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Birkat Kohanim – The Hazan’s Announcement of “Kohanim”; If There is One Kohen or No Kohanim Present

The Ben Ish Hai (Rav Yosef Haim of Baghdad, 1833-1909), in Parashat Tesave, writes that the Hazan announces "Kohanim" to prompt the Kohanim to begin their Beracha. Birkat Kohanim takes place during the Hazan’s repetition, immediately after the Beracha of "Ha’tob Shimcha U’l’cha Na’e Le’hodot." After the congregation completes its "Amen" response to this Beracha, the Hazan should announce "Kohanim" to signal to the Kohanim to begin their blessing. The Hazan should not make this announcement before the congregation completes their response of "Amen," and the Kohanim should not begin reciting the Beracha before the Hazan makes his announcement.

The Hazan announces "Kohanim" only if there are at least two Kohanim present in the synagogue for Birkat Kohanim. If there is only one Kohen, the Hazan cannot announce "Kohanim," which is a plural term, and it is not customary to announce "Kohen" in the singular form. The custom in our community is that in such a case, somebody from the congregation besides the Hazan announces "Emor," which is based upon the Torah’s formulation in introducing the Misva of Birkat Kohanim ("Amor Lahem" – Bamidbar 6:23). The Hazan should not announce "Emor," as this would constitute a Hefsek (forbidden interruption) in his repetition of the Amida (as opposed to announcing "Kohanim," which is, in a certain sense, part of the Amida prayer). After the announcement of "Emor" is made, the Kohen begins the Beracha of Birkat Kohanim.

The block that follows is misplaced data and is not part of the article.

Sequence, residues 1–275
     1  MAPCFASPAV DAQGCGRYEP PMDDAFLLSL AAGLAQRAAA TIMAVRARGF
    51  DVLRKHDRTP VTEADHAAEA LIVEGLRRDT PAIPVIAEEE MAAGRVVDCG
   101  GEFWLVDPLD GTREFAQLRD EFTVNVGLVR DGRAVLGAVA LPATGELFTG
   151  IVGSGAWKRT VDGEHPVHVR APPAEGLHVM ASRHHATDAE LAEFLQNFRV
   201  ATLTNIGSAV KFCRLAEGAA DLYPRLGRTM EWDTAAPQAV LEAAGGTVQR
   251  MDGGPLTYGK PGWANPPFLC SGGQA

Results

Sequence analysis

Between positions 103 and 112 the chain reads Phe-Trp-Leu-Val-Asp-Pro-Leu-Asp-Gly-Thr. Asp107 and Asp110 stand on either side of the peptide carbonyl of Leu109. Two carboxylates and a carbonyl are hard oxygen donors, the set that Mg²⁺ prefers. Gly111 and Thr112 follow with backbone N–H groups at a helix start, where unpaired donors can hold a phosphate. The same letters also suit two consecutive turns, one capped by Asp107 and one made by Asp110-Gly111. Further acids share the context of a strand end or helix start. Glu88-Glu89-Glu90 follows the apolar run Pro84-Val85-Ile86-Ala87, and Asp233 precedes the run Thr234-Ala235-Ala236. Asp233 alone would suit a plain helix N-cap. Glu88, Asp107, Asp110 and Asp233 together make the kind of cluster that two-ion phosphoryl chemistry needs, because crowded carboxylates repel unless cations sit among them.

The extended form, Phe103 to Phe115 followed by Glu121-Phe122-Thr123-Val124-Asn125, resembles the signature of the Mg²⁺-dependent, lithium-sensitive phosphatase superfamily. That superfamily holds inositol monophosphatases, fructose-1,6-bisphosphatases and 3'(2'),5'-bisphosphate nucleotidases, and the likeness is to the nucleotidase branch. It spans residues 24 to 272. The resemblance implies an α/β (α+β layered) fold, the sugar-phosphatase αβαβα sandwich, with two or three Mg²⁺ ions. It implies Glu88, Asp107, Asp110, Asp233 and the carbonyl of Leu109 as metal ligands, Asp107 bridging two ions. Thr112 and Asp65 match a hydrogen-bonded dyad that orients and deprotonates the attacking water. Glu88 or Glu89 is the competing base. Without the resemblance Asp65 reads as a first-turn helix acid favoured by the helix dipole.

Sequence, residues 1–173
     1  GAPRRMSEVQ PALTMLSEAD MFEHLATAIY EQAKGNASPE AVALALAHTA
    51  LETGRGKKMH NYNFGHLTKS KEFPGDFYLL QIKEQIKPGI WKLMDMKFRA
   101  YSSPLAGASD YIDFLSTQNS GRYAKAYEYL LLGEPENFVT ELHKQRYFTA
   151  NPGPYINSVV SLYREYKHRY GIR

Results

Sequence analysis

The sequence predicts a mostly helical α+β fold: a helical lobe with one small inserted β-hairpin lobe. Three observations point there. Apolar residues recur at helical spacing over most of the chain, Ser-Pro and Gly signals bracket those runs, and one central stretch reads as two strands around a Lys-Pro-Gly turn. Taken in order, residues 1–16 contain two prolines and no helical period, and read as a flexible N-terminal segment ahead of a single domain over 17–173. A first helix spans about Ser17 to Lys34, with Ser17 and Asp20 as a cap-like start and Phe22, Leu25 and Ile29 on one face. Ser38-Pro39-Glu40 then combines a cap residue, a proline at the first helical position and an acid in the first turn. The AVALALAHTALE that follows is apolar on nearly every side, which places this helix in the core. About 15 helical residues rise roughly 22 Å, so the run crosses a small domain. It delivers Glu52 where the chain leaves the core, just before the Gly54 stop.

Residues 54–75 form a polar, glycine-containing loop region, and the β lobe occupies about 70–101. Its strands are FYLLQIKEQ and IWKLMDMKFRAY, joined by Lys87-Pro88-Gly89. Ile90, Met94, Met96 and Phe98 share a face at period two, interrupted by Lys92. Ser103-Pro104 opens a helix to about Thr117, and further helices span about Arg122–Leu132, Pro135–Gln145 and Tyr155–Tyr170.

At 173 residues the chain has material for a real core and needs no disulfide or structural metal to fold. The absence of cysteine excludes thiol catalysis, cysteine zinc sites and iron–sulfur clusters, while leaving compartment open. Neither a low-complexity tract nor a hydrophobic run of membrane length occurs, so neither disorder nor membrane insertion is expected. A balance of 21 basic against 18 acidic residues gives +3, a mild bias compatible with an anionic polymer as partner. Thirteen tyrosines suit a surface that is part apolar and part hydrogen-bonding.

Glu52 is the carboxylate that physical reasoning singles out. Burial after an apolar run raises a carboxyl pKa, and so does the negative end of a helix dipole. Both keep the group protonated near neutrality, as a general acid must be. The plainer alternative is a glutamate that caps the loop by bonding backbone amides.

This is an important Halacha for everybody to know. The Kohen does not begin Birkat Kohanim until after he hears "Emor," and the Hazan, as mentioned, cannot make this announcement, and therefore the congregants must be aware of this Halacha so that somebody will announce "Emor" to prompt the Kohen. Only one congregant should make this announcement.

If no Kohanim are present, then at the point in the Amida when Birkat Kohanim is normally recited, the Hazan recites a special insert that begins "Elokenu V’Elokeh Abotenu Barechenu Ba’beracha Ha’meshuleshet…" This insert cites the verses of Birkat Kohanim. After the Hazan recites each verse, the congregation should respond, "Ken Yehi Rason." They make this response after each verse – after "Ve’yishmerecha," after "Vi’huneka," and after "Ve’yasem Lecha Shalom." They do not respond "Amen" after each verse as they do when the Kohanim recite Birkat Kohanim. The Hesed La’alafim (Rabbi Eliezer Papo, 1770-1828) records a custom observed by the "Vatikim" (pious individuals) to respond not just "Ken Yehi Rason," but "Ken Yehi Rason Bi’zchut Abraham" after the first verse, "Ken Yehi Rason Bi’zchut Yishak" after the second verse, and "Ken Yehi Rason Bi’zchut Yaakob, Moshe, Aharon, Yosef Ve’David" after the third verse.

Summary: After the Hazan concludes the Beracha of "Ha’tob Shimcha U’l’cha Na’e Le’hodot" in the repetition of the Amida, he waits for the congregation to answer "Amen" and then announces, "Kohanim." At that point, the Kohanim begin Birkat Kohanim. If there is only one Kohen present, then instead of the Hazan’s announcement of "Kohanim," somebody else from the congregation announces, "Emor." If there are no Kohanim at all, then in place of Birkat Kohanim the Hazan recites the insert of "Elokenu V’Elokeh Abotenu Barechenu," which cites the text of Birkat Kohanim, and after each verse of the blessing the congregation responds "Ken Yehi Rason," and not "Amen."


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